The dangerous lands of the Skeleton Coast

Described as ‘the Gates of Hell’ by sailors, the Skeleton Coast is one of the most extreme environments in Africa. Here, the chilling Atlantic Ocean is met with the fierce heat of the Namib Desert, which encompasses 2 million hectares of dunes and gravel plains. The dunes ‘roar’ because of air trapped between the grains of sand. Whale and seal skeletons cover the coastline from the former whaling industry. Shipwrecks, due to the thick coastal fog, have left ship wreckage and human bones alongside the animal remains. Although this coast is haunted by death, many animals have learned to survive in the harsh habitat.

WATER

Although surrounded by the ocean, the animals and plants of the Skeleton Coast cannot drink its saltwater. Rainfall rarely exceeds 10 millimetres annually. This means that life has had to adapt to living on small amounts of water.

One of the key water sources for most life along the coastline are the dense ocean fogs, or cassimbo, caused by the upwelling of the cold Benguela current. These fogs engulf the land next to the ocean. The freshwater moisture in the air rests on plants leaves. Plants take in water through their leaves and roots.

Larger animals can survive by licking this moisture from plants, or rocks, as black-backed jackals do. Some smaller animals like arthropods, which include insects and crustaceans, have specially adapted bodies to collect this moisture. Darkling beetles like the Namib Desert beetle have bumpy backs which help moisture collect as droplets on them. These then roll from their backs into their mouths.

The national park beyond the coastline is divided by rivers. While smaller animals can live off moisture, the larger animals move between the coastline and the riverbeds. These include baboons, giraffes, lions, black rhinos and even elephants. When water is scarce or animals are close to the coast, they can get water from wells dug by baboons or elephants.

SHADE

Very few trees are able to find enough water to survive in the desert. This means that there is little shade. Animals have to find ways to protect their bodies from the sun. Tok-tokkie beetles work together by climbing on top of one another, taking turns to provide shade for one another.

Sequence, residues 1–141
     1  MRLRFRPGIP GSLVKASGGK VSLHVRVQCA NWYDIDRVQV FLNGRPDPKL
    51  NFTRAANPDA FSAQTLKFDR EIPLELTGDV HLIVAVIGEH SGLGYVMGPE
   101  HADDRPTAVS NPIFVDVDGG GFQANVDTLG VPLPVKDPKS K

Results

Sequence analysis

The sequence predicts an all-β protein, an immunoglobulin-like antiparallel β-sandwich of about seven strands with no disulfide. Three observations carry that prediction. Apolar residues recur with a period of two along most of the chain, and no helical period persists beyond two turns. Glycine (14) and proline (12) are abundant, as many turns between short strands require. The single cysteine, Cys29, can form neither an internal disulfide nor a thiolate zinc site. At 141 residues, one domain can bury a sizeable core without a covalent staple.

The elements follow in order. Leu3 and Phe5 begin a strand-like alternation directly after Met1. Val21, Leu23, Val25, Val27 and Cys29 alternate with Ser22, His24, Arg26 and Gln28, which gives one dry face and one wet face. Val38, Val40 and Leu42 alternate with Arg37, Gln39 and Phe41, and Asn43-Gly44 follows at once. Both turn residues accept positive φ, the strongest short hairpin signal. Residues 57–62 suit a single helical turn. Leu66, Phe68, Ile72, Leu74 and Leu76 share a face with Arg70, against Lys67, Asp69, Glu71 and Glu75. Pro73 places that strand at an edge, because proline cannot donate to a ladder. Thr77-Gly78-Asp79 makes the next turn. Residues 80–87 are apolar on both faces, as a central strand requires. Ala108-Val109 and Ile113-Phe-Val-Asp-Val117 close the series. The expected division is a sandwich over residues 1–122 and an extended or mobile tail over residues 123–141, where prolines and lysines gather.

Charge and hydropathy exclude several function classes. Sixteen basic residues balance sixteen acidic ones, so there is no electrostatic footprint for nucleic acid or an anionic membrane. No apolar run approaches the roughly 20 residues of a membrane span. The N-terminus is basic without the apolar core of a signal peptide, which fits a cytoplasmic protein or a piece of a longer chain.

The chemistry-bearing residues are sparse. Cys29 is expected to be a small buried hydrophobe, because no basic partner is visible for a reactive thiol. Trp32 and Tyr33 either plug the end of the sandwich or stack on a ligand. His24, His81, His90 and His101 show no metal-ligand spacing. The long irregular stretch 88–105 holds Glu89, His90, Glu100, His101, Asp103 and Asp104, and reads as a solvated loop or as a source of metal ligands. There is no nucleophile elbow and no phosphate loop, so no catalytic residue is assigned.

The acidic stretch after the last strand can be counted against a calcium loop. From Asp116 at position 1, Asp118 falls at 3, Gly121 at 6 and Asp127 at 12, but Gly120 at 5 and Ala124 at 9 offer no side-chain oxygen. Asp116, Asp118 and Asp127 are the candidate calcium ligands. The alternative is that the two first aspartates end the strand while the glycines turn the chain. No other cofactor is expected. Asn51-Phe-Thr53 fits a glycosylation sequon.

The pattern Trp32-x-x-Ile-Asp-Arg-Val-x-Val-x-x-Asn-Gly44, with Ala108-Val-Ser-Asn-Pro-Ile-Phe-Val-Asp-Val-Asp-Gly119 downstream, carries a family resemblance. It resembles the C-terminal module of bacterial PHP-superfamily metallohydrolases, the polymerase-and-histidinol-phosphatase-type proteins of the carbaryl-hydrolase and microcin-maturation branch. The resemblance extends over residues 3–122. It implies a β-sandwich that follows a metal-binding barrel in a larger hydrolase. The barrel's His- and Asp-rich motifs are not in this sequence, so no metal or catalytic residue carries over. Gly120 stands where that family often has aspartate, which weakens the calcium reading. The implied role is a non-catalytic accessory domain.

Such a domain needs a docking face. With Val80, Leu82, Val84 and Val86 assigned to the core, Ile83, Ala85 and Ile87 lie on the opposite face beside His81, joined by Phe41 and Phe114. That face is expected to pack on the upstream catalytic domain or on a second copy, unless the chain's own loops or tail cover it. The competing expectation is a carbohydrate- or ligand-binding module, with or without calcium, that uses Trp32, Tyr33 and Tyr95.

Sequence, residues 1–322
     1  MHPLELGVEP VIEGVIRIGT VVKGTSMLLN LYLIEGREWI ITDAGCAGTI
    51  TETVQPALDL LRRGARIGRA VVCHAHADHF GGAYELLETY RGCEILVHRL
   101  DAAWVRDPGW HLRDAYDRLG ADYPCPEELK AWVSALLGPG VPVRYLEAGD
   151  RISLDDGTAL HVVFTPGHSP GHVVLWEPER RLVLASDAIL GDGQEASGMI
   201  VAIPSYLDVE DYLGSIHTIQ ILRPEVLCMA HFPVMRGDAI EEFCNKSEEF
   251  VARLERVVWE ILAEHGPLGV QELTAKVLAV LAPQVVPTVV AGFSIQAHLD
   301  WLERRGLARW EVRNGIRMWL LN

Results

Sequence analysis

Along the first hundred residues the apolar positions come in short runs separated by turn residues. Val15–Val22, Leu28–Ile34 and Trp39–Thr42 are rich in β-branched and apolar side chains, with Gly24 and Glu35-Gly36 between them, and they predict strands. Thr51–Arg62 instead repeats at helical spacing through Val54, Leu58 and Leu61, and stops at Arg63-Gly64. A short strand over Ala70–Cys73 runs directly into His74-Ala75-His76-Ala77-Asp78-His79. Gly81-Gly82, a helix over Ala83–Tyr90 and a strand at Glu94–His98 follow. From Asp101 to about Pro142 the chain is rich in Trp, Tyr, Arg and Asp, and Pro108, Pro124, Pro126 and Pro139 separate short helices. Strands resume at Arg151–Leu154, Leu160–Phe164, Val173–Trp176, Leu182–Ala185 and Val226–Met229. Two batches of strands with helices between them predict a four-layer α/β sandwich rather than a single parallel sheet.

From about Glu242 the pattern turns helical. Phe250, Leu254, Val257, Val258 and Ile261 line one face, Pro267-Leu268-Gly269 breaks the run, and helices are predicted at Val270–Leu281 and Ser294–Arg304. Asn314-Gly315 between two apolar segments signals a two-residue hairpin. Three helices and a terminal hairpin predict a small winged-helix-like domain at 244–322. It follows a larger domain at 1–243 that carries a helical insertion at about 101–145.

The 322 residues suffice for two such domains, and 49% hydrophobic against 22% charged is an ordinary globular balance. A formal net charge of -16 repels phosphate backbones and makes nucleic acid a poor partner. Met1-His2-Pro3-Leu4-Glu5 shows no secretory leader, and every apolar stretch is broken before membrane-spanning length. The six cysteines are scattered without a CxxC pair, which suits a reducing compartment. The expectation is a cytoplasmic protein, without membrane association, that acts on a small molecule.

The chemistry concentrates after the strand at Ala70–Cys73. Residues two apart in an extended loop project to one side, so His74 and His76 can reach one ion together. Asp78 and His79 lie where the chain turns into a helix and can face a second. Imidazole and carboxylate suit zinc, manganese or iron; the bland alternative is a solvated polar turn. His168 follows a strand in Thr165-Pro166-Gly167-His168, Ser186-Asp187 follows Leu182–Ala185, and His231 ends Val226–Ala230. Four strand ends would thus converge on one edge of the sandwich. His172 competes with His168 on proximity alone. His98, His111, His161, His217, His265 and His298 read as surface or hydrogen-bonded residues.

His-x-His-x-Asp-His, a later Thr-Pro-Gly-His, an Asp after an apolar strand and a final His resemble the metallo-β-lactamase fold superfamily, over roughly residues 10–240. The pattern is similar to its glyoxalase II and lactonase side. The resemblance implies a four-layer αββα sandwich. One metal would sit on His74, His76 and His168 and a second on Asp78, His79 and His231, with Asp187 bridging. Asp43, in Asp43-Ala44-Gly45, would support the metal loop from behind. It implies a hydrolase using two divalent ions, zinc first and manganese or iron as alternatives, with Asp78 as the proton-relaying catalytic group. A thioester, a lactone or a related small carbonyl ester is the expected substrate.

It is not only animals that live in the desert. Although most tribes have left the area, the Himba people have managed to survive. They protect themselves from the sun through applying a traditional ocher-and-butter mix to their skin.

FOOD

The Himba people have a population of around 50,000. Despite this, they are nomadic pastoralists: they grow nothing and eat only meat due to the harsh environment.

Many smaller animals are dependent on winds which blow detritus (waste from dead animals and plants) from the interior. The Namaqua chameleon relies on the ocean fog, which attracts the beetles seeking water.

Larger animals need more food in order to survive. Plants that can survive the harsh environment, like succulents, provide some supplement. The population of 250,000 cape fur seals, and coastal birds, are able to hunt fish in the ocean. These populations then provide food for predators like lions.

Mites and ticks are able to survive on the blood of large animals like the rhino. These in turn can be eaten by birds like egrets, or oxpeckers which also drink the blood of the rhino.

BLACK RHINOS

Black rhinos have an adapted hooked lip which helps them to browse for leaves, stems and shrubs, as there is less abundant grass. Their thick skin helps to protect them from thorns and sharp grasses while they browse for food.

The rhinos are one of the most endangered animals in the world. The southern black rhinoceros, north-eastern black rhinoceros and western black rhinoceros are all officially extinct. There is suspected to be only one Chobe black rhinoceros left living in Botswana. The last male northern white rhino is under constant armed guard

Black rhinos have survived harsh conditions for millions of years. Now, because of poaching, they might soon die out. Trade of rhino horn is illegal. However, demand in China in particular has exploded since 1970. This is for its use in furniture, and traditional medicine. Some people believe horns can help with exorcisms and fertility. These cures, or curing any illness, has not been confirmed or even suggested by medical science.

ERIN ONEILL

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